Monday, June 2, 2008

Adventure on the Nile, by Cathy Pickens

A week ago, I returned home from an interesting journey, one that didn’t, on the surface, have anything to do with mystery writing. I traveled to Cairo and Dubai, one of the United Arab Emirates, with a group of graduate business students.

Naturally, part of my trip preparation included re-reading Agatha Christie’s Death on the Nile.

I had looked forward to exploring countries and cultures very different from my beloved Carolinas , and I certainly found the exotic – pyramids and camels and a tiny nation-city in overdrive to capture the title of World’s Largest/Tallest/Biggest/Best everything, from tallest building to biggest dinosaur park to highest population of people who aren’t from there.

Photo: Burj Dubai, world's tallest building.

What I wasn’t completely prepared for were the similarities.

I knew that in progressive Egypt, women were once again resuming the veil they’d thrown off decades ago. I also knew that in Dubai, a more conservative country making concessions to draw foreign visitors and investment, I’d see women in full gallabiyya.

What I didn’t expect to see were five black-clad young women in the Dubai airport, slight and graceful, like a flock of blackbirds swaying around the counter at … McDonald’s, yep, the Golden Arches. Ordering McArabia meals, with fries and Cokes. I'm not kidding.

I expected to visit the Mall of the Emirates, an elegant shopping mall that could sit in Atlanta or Richmond or Charlotte – except it dwarfs anything in those cities and boasts its own indoor ski slope.

I didn’t expect to see copies of my books in the Borders store (wow!) or to stand in line at Baskin-Robbins with a woman in a full black gallabiyya edged in rhinestones … and wearing Gucci sunglasses and Jimmy Choo stilettos.

We share other things besides fries, Co’Cola, ice cream, and an affinity for shiny rhinestones. In business settings, a Middle Eastern man waits until a woman proffers her hand before offering a handshake. Didn’t your mama teach you that, too?
Women hold high government offices in both countries, including the ministries of finance. But we also share an odd schizophrenia about women in leadership. Women are to be gentle and ladylike, but they can also be in charge. No easier to figure out the rules in their country than in ours.

In Egypt, as in the South, they value hospitality and friendliness. They welcome those who are interested in their culture, and they are warm hosts. In Dubai, 85% of the people who live there come from somewhere else. Interesting to consider what that must be like for their culture. Unlike the South, though, they have strict visa requirements. Many of those workers can stay no longer than two years and must wait five years before they can return.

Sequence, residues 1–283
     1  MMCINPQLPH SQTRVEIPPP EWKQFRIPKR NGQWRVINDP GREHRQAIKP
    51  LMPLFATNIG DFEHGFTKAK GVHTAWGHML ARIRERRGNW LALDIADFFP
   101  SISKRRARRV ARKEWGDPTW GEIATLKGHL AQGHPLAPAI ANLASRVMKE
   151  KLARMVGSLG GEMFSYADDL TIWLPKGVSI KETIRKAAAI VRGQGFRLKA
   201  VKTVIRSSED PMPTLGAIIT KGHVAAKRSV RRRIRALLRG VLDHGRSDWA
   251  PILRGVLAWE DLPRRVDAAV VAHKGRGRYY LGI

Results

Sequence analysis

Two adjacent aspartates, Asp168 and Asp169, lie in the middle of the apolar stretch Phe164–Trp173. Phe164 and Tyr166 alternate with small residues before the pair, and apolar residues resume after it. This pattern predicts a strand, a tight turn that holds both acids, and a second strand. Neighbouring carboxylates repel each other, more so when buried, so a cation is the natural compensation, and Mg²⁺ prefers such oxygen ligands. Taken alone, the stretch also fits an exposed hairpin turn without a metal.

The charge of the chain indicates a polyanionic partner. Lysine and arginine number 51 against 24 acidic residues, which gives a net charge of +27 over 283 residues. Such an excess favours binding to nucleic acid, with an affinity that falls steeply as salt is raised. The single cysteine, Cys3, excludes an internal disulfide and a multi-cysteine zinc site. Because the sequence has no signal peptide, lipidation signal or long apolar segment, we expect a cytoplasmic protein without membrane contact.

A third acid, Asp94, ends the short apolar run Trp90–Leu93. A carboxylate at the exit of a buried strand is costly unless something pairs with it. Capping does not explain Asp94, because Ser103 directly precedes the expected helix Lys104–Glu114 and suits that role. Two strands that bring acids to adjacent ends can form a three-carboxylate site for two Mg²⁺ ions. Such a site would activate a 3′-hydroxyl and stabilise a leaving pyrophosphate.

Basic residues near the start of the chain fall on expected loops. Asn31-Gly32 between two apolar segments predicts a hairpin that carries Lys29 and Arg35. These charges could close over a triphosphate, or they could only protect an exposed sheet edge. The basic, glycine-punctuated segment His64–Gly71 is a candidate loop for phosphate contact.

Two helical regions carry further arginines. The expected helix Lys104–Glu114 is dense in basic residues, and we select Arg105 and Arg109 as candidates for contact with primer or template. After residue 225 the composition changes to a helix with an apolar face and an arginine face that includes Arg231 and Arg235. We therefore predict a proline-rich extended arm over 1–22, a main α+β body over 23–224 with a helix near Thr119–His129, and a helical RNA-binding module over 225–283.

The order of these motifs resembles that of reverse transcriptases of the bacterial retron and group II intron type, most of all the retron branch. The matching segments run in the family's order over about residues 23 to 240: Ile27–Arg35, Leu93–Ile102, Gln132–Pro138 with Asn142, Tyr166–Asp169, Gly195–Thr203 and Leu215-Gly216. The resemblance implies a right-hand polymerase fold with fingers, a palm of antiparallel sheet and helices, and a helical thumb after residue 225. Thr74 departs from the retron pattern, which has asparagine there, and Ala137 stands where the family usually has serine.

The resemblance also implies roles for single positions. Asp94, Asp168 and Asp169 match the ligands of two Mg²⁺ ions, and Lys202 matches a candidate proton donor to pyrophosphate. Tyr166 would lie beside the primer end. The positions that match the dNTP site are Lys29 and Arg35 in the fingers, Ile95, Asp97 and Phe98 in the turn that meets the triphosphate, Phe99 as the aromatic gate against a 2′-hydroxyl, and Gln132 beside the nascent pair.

Cairo driving reminded me of a lickety-split, souped-up tear down a Southern Appalachian mountain road – except their roads are flat and very crowded. Regrefully, I only got to enjoy it vicariously, in a bus or black-and-white cab. The white lines denoting lanes are only suggestions. On a road marked with two lanes, as many as four or five cars would be running abreast.
Horns are constant. Not the rude, your-mama, I’m-gonna-cut-you-off horn honks common in some (Northern) cities here. No, these were polite little I’m here toots. Get over, please. I don’t mind bumping you if I have to. Stock-car racing legend Richard Petty (who once nudged a lady’s bumper on I-85 because she was cruising in the passing lane) would love it.

The best part, though, was trying to imagine Cairo as Agatha saw it early in the last century. Our hotel didn’t sit directly on the Nile, but it did open on a courtyard much like the one she describes. Families and foreign tourists and white-robed sheiks gathered in the cool evening breeze to the smell of fresh-baked pita and hubbly-bubbly pipes of flavored tobacco and to enjoy an evening that stretched late.

Those of you from the South need no explanation of the small can held by the fellow on the right. The photo is from the website of a couple of Alaskans who travel the world with their can of SPAM. Charlotte, apparently, has lost its seat as #1 city in per capita consumption. Ah, the never-ending struggle for supremacy …
I was entranced by the differences and surprised by the similarities – and not disappointed at all in the mysteries. Pull out your copy of Death on the Nile. Agatha captured its essence.


Anonymous said...

I would be in favor of strict visa requirements to visit NC. As a matter of fact they would have to pass a courtesy test. If you said something bad about the South you would immediately leave.

Someone stole your books from the Transylvania Co Library. The librarian thinks they are misplaced, but I know someone stole them.

Anonymous said...

I'm sorry but Austin, Minnesota is the no. Uno consumer of Spam, unless you count AOL